5 Ways To Fight SAHM Monotony

5 Ways To Fight SAHM Monotony

It may seem like I write a lot about the negatives of motherhood, and maybe that’s true; using words like “monotony,” “anxiety,” and “isolation.” But for good reason! There are some mornings I find myself scrolling through Instagram feeling totally defeated just because everyone else seems to have it together. I know it’s not true–even I put my best foot forward on social media–but somehow I still let myself believe I’m the only one struggling.

So why am I being a downer highlighting the negatives? Well, I’m not. Do you really need one more voice telling you how well I’m getting along while you struggle? I just want to be real with you and avoid adding to the illusion that you are the only one who can’t get it together. So, here’t goes.

I’m currently wearing a sweatshirt and my hair looks like a rats nest. I drink too much coffee because I’m so tired and, in turn, it makes me nauseous in the afternoon from caffeine overload. I could really use a shower. The kitchen table is piled with paperwork I’ve been ignoring for a week or more. And I’m pretty sure there are still some chunks of last night’s dinner sitting in the sink because I was too lazy to throw them in the trash (life without a garbage disposal.. sigh…). Sometimes, I look at a mess and I straight up walk away. I write a lot of these posts for myself.

This is motherhood. I don’t need to tell you about the good parts–an open discourse on the joys of raising kids is easy. But a mother can always use a word of encouragement. Or even just an acknowledgment that this child-rearing thing? It’s hard.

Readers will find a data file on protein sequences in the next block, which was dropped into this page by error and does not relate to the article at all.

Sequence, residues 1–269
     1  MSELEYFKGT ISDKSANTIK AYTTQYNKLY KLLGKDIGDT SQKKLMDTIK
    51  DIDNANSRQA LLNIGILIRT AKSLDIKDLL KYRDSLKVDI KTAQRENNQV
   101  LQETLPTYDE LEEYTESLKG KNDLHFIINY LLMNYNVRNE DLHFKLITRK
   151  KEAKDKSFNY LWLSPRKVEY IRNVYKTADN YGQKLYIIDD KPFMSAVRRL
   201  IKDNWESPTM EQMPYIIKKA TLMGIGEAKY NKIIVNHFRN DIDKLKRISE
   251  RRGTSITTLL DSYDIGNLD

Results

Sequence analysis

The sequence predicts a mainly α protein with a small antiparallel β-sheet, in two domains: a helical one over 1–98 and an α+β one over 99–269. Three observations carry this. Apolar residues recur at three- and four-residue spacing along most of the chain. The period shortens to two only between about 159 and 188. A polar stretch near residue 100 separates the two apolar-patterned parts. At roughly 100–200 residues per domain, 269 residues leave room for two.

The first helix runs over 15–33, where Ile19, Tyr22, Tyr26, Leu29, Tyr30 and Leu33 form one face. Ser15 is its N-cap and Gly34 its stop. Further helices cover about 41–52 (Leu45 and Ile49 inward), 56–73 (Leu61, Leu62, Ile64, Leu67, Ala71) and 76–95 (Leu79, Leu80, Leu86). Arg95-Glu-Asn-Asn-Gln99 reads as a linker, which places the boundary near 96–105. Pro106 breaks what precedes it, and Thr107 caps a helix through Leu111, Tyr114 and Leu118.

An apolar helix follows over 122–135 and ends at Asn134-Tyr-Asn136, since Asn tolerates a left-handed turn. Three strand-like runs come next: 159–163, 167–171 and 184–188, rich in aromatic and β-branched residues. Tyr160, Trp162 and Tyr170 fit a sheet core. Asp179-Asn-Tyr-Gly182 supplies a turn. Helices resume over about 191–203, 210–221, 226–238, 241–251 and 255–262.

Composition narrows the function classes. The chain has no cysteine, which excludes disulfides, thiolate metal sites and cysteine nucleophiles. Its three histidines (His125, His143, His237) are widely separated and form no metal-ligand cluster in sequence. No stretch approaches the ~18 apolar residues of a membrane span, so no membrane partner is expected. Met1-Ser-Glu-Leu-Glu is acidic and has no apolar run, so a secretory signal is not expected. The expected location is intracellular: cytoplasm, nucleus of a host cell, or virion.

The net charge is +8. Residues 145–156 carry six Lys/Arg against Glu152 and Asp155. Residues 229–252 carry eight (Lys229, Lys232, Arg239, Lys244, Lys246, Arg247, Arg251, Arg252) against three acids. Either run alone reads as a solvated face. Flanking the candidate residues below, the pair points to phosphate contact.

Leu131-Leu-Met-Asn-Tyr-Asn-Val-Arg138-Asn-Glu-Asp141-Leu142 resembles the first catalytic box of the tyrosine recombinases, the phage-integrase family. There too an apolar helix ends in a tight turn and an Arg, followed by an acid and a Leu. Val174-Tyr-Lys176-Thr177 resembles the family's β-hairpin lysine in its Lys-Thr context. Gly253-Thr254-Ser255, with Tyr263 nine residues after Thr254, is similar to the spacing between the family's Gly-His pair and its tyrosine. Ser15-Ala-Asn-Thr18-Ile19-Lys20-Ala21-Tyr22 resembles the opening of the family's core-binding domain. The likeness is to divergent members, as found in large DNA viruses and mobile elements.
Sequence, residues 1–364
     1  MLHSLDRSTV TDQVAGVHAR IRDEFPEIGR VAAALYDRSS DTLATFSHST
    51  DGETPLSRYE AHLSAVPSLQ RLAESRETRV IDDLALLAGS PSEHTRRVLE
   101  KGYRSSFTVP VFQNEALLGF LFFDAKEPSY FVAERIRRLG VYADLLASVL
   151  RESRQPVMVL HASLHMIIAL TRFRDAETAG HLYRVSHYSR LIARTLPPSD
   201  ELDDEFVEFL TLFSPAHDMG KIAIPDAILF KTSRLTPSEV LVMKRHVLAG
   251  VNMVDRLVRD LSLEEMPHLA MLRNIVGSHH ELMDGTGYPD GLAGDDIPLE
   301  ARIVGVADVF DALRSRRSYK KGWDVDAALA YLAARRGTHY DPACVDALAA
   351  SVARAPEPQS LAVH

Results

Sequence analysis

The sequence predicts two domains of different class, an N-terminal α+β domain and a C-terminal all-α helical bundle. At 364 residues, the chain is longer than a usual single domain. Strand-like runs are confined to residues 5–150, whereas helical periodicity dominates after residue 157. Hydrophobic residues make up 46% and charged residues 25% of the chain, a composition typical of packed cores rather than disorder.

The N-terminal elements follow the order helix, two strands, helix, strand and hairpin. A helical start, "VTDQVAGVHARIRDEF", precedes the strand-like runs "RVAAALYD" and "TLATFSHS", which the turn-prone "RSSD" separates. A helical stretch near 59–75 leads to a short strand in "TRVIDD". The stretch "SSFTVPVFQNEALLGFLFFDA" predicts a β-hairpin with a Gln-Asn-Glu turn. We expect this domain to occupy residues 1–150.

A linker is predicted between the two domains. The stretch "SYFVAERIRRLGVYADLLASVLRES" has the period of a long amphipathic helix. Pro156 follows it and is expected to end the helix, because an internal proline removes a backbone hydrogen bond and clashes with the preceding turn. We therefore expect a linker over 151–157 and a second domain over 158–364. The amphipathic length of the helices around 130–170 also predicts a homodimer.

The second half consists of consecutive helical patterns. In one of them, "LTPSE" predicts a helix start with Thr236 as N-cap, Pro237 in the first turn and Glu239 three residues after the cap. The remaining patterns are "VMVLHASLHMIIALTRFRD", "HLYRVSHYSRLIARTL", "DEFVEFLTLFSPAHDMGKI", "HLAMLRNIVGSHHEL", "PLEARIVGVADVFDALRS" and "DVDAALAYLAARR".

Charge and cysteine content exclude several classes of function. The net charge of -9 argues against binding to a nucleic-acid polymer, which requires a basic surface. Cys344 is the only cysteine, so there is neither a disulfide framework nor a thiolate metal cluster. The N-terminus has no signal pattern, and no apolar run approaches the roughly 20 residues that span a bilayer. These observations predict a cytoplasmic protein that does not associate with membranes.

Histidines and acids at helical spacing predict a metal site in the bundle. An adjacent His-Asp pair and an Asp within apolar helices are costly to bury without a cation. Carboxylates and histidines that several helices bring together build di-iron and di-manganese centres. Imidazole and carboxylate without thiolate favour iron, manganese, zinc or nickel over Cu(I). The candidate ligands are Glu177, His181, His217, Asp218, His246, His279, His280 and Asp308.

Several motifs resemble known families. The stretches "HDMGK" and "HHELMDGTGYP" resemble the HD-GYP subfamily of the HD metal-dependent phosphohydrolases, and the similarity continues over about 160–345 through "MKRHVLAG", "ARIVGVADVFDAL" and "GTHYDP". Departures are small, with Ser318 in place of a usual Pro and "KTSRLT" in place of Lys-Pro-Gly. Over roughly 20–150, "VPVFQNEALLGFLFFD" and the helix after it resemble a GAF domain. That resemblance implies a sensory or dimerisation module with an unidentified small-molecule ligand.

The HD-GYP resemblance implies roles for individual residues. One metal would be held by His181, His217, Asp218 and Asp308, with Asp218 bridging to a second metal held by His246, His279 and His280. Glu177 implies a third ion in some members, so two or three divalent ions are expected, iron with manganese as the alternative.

I write mostly for the SAHM, but I know being a working mom has it’s unique challenges just the same. Here’s a nod to you: If you aren’t already so busy that your head is spinning, you probably wrestle with a different sort of monotony. Get up, dress the youngins, chauffeur, work, chauffeur, dinner, bath time, bedtime, repeat. I don’t pretend to know what that’s like. With that in mind, today I want to address some ways you can fight the rut–whether you’re a working mom or SAHM!

1. Try new things

Okay, moms. You’ve got to keep your spirit of adventure. I’m so guilty of pouting about how everyone else is doing cool things while I sit at home and wish for a spontaneous road trip. If you are a mother, especially of small children, this is just a season. You have to make your own adventure–even if you can’t get out spur of the moment.

One of my favorite ways to make my own adventure is to try new things. Every Sunday night I like to sit down and pick out 5-7 Pinterest projects to work on in the coming week. I save them to my board The Weekly Features and plan for any supplies or time I will need to work on them. I love the new feature where you can keep track of pins you’ve tried!

If you feel like you are getting stuck in a rut, start trying new things! Make a Pinterest board reserved just for ideas you want to work on this week and when you have some down time, you will already have your personal Pinterest adventure planned!

2. Schedule regular playdates or activities